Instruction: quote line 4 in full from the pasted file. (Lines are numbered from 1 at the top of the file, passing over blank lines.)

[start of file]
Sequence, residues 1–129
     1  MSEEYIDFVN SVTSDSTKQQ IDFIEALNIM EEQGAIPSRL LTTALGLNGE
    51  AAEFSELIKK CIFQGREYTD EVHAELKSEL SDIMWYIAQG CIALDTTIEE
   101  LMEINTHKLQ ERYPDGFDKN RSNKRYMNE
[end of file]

   101  LMEINTHKLQ ERYPDGFDKN RSNKRYMNE